The permutations of the plot ultimately blur by us, which is why Brown's emphasis on the message pays such rich dividends. Our fascination with magic hinges on our willingness to be fooled. So does our repeated surrender to the tyrannical power of love. That's what we see happening to the characters onstage -- while we surrender to the illusions of magic and theater.
Delivered by mere actors, the magic is beyond expectation, nudged along by Simmons' well-placed lights and smoke machines. Brown works parallel wonders with the three lovely assistants. At first, newcomer Heather Leanna seems to need an injection of charisma, but that lack of sparkle ultimately works in her favor in an All About Eve sort of way. As Henrietta, Leela Vox is all Vegas sparkle in her Charlotte debut. And after numerous roles on local stages that left the question in doubt, Adyana de la Torre's performance as Egypt affirms that she can be absolutely devastating.
Opera Carolina opened its season with Georges Bizet's other opera, The Pearl Fishers. With soprano Jennifer Welch-Babidge as the wanton priestess Léïla and tenor Fernando de la Mora as her fisherman adulator Nadir, there was smoldering chemistry by the Sri Lankan shore. Listening to their solo arias and watching their fervent duets, you had to wonder why this work took so long to reach the Belk Theater stage.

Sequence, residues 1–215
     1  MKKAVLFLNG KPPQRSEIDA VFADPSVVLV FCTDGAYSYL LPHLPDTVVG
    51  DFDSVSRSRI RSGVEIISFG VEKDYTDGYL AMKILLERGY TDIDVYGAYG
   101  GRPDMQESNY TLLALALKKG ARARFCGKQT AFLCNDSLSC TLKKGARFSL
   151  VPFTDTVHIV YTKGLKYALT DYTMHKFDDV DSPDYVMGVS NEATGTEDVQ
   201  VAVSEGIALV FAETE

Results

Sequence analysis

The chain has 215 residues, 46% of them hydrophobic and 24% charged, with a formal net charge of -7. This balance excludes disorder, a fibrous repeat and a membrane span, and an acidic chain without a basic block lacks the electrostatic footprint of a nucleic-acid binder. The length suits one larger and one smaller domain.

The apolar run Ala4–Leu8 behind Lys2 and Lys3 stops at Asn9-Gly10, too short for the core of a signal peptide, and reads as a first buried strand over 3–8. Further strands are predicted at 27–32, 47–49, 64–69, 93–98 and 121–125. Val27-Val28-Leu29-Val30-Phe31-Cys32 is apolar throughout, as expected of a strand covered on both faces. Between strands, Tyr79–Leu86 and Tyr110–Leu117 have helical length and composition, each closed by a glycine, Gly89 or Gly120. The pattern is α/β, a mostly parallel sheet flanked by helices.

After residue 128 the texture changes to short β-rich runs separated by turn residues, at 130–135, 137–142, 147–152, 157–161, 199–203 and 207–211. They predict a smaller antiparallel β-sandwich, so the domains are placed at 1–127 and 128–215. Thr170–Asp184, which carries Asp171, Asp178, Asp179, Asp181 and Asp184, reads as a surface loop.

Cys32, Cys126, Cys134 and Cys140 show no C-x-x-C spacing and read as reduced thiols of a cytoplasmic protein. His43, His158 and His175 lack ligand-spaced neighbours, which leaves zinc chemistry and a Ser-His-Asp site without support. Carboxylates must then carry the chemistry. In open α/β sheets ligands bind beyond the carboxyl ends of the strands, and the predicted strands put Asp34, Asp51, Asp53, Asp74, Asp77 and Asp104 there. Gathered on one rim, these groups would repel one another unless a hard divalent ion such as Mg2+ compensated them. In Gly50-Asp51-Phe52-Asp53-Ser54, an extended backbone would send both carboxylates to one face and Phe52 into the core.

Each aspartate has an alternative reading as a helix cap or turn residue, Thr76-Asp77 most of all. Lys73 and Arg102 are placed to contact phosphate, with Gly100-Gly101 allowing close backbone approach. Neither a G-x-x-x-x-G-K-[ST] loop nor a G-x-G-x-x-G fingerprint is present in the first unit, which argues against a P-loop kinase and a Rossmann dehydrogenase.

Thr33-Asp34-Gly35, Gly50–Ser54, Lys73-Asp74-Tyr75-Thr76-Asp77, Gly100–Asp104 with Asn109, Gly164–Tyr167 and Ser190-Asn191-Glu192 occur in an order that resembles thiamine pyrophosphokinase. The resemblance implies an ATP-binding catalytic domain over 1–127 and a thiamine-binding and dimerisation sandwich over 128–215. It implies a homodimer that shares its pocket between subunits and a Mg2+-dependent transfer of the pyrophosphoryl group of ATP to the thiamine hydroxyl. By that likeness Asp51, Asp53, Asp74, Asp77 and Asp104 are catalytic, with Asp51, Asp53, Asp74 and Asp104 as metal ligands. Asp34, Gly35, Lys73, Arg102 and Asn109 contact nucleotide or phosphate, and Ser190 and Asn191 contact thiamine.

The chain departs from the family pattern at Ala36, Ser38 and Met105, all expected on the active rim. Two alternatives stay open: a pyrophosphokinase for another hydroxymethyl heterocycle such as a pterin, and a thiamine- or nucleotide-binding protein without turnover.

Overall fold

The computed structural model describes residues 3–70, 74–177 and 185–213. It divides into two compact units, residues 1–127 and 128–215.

Confronted with the gaucheries of Stephanie Sundine's stage direction and baritone Troy Cook's wooden portrayal of Zurga, ruler of the fishermen and Nadir's jealous soul brother, you often could see why OC had cast away The Pearl in favor of Carmen. Yet even when Cook was hamstringing the exposition, the choreography of Till Schmidt-Rimpler and his Moving Poets dancers infused the stolid pageantry with welcome spice.
Then with her crystalline top notes and her liquid coloratura, Welch-Babidge injected the priestess with new allure. De la Mora burned nervously from his first arrival, consistently cavalier in his ardor. Nor was Cook unpleasant to hear in the famed "Au fond du temple" duet recounting how Zurga and Nadir formed their precarious bond.